The Model: Applied to AFNC Practice Model includes a complex, transcultural, relational process, grounded in an ethical, spiritual context. Caring is the relationship between charity and right action, between love as compassion in response to human suffering and need, and justice or fairness in terms of what ought to be done. Caring occurs within a culture or society, including personal culture,hospital organizational culture, or society and global culture including Spiritual-Ethical Caring, Educational Caring, Physical Caring, Socio-cultural Caring, Legal Caring, Technological Caring, Economic Caring, and Political Caring.
Implications of the Adverse Childhood Experience (ACE) Study and Trauma Informed Approaches by Kristina Currier, DNP, FNP-C
Specific Aims or Objectives:
- Educate nursing professionals on the prevalence of trauma in our society and how trauma impacts an individual's overall well being (physical, mental, emotional, and spiritual) • Discuss employing trauma informed approaches in nursing practice • Review Scripture as it relates to the value of human life and being created in His image
Rationale or Background:
- In 1998 the landmark Adverse Childhood Experiences (ACE) Study was published. This study demonstrated the prevalence of childhood trauma in the US and how childhood trauma negatively impacts an individual's overall health into adulthood. Childhood trauma (as demonstrated by an ACE score in this study) is a predictor of adverse health outcome in adulthood. More than half of the study respondents had an ACE score of one and more than 25% reported a score of two or more. The study demonstrated a relationship of between the number of categories of childhood exposure and adult health risk behaviors and diseases.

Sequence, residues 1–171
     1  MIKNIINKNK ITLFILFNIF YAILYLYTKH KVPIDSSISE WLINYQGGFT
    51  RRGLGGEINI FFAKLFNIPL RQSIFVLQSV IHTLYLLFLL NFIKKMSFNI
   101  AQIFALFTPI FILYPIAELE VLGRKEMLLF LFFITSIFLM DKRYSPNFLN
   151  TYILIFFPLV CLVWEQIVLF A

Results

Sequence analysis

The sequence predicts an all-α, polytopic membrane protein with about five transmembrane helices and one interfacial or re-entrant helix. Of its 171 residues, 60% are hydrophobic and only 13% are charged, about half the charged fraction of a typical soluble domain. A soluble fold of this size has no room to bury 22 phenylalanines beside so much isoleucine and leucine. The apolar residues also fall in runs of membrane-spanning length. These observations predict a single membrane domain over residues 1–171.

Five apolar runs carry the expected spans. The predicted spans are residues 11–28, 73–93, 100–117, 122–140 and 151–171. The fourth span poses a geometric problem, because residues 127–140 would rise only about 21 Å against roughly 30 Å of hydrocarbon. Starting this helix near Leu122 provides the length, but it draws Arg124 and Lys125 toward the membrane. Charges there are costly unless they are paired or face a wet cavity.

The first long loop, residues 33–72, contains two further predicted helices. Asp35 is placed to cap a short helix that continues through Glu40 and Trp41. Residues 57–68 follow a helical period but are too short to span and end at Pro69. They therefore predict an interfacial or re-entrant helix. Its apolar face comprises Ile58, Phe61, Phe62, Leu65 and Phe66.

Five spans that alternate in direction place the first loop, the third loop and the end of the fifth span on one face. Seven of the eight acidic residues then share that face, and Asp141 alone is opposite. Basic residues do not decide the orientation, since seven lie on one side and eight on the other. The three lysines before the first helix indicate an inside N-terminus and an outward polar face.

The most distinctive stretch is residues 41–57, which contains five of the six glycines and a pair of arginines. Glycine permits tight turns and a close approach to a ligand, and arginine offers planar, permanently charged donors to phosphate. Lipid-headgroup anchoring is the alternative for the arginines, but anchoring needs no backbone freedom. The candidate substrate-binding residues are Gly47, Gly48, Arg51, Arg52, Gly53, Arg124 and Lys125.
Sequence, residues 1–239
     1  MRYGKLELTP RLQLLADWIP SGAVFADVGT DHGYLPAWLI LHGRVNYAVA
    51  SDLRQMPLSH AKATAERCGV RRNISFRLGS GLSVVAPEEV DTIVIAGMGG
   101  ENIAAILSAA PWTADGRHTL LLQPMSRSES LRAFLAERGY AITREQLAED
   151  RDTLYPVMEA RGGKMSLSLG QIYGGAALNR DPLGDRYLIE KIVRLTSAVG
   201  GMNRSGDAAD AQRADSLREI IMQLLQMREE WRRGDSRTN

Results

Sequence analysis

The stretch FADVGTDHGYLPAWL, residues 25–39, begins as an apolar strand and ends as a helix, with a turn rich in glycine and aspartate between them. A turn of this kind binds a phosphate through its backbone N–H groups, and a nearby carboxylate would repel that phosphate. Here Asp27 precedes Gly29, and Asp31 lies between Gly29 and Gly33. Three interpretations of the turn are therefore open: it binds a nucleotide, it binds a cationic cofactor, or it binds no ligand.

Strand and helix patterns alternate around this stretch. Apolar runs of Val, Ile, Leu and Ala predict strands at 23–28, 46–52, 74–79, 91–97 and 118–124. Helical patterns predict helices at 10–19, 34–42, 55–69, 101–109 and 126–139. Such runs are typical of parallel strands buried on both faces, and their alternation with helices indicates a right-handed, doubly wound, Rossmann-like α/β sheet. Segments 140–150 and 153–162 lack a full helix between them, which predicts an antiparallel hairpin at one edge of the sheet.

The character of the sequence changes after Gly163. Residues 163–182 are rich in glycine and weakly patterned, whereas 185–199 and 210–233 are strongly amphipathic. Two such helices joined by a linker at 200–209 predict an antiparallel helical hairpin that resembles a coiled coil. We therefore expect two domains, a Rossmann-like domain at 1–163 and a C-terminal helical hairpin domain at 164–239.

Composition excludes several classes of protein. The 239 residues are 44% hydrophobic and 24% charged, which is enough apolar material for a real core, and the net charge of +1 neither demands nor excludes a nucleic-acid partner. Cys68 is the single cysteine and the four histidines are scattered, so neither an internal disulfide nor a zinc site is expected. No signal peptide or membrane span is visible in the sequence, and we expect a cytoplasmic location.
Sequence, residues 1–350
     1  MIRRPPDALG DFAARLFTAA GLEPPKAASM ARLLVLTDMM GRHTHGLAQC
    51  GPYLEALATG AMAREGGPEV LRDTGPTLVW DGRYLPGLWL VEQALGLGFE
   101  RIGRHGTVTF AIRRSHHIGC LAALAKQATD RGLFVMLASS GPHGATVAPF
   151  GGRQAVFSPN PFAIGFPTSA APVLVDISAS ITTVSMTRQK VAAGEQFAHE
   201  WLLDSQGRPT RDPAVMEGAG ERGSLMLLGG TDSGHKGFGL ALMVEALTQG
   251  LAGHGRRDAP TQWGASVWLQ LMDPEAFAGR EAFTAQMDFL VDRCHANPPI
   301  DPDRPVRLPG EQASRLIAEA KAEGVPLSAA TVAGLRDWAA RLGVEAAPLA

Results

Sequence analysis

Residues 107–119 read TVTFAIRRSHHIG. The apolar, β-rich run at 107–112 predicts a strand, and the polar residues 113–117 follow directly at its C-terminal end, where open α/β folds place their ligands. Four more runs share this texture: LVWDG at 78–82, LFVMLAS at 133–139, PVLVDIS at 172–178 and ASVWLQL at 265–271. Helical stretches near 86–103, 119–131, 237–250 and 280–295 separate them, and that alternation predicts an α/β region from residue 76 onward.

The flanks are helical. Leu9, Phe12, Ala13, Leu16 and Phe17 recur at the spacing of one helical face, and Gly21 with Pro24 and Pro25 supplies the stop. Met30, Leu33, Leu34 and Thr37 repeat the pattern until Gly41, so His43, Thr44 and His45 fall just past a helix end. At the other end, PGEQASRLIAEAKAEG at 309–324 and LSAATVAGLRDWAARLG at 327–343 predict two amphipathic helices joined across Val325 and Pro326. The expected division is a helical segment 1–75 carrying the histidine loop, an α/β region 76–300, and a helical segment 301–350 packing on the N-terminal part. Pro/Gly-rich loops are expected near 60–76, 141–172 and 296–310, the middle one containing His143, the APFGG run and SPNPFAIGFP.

- Development of Idea or Description of Project:
- Healthcare providers are caring for individuals daily in their practices who have experienced trauma. Trauma-informed approached need to be employed by those in the healthcare profession. Healthcare providers must value life and understand the patients they are caring for are valuable and created in the Image of God, understanding this principle will guide a practitioner's trauma informed approach. Implications for Practice:
- Trauma is prevalent in our society. Nursing professionals will learn how to integrate trauma informed approaches integrating a biblical framework in their practices.
If We're Not Looking They'll Remain Missing by Kathleen Hackett, MSN, RN, SANE-P